[+] EnlargeFlorida State's Bjoern Werner
Mitch Stringer/US PRESSWIREFlorida State's Bjoern Werner was the best and most consistent player in the ACC.
Florida State won its first ACC title since 2005, but lost defensive coordinator Mark Stoops to Kentucky the day after the game. The Seminoles had a good season, but left many wondering if it could have been a great season had they not lost on the road in the fourth quarter to NC State.

The good news?

It can only get better.

Offensive MVP: Tajh Boyd, Clemson. Boyd led the ACC in total offense with 376.4 yards per game, throwing for 3,550 yards and 34 touchdowns on the season. Though he won ACC Player of the Year and ACC Offensive Player of the Year honors by a whisker, we both agreed on Boyd as the best player in the league this season.

Defensive MVP: Bjoern Werner, Florida State. Werner quite easily won ACC Defensive Player of the Year honors for good reason. He was the best, most consistent player in the league this season, leading the league with 13 sacks and finishing second with 18 tackles for loss. He and teammate Cornellius "Tank" Carradine formed the best duo in the league.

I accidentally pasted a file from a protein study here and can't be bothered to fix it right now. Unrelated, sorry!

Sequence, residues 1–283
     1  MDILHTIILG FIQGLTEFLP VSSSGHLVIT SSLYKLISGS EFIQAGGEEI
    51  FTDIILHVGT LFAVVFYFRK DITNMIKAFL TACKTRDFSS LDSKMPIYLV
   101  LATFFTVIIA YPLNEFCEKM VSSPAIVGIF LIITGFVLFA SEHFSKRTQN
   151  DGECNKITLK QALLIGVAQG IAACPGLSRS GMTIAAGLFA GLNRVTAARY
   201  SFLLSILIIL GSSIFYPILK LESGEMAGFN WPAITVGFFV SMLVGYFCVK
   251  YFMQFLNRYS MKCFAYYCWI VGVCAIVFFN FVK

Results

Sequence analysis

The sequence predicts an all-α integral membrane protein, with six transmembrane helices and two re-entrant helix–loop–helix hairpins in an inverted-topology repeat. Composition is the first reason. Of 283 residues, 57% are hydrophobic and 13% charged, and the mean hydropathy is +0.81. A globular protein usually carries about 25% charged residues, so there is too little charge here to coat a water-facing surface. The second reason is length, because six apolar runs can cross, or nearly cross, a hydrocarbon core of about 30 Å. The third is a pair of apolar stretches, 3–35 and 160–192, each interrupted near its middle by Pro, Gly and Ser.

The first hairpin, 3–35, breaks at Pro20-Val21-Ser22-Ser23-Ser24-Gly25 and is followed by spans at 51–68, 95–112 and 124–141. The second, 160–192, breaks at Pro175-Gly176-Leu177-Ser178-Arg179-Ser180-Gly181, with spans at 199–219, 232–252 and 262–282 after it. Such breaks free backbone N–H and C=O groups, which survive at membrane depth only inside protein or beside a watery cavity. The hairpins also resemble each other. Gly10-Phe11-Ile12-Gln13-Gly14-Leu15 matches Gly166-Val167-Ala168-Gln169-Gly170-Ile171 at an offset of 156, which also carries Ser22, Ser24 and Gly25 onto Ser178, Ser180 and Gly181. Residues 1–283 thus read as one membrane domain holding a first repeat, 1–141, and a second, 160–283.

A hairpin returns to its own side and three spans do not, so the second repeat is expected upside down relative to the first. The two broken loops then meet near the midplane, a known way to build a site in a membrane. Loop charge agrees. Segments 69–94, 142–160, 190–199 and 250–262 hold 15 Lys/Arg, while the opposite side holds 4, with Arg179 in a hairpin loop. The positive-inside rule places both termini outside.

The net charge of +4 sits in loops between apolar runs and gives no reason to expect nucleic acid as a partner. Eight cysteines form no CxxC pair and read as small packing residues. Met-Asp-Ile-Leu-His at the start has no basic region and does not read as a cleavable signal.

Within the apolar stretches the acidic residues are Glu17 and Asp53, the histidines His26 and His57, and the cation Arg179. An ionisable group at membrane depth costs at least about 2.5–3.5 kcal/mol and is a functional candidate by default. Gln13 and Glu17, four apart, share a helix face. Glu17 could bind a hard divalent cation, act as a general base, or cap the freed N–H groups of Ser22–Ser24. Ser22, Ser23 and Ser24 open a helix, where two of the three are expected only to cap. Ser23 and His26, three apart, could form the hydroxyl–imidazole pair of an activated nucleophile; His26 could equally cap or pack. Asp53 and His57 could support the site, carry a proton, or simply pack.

Newcomer of the year: Duke Johnson, Miami. Stefon Diggs was great, too, but Johnson gets the nod here for having a better season. Johnson ended up with 2,070 all-purpose yards, second in school history to Willis McGahee (2,108 in 2002). He was a game-changer not just at running back but in the return game, as he scored 13 total touchdowns this season.

Biggest surprise: Hello, Duke! The Blue Devils are headed to a bowl game for the first time since 1994, and were in contention for the Coastal Division crown until the second-to-last week of the regular season. Easy to see why David Cutcliffe was named the league's coach of the year.

Biggest disappointment: Virginia Tech. Does anybody remember when the Hokies started the season ranked No. 16 in the AP poll? Us neither. Virginia Tech is about to finish up its worst season in 20 years. This is one season removed from being an at-large selection into the BCS. There were breakdowns all over this team, from Logan Thomas to the running game to what was supposed to be a great defense. Now the Hokies need a win in their bowl game to avoid finishing with a losing record for the first time since 1992.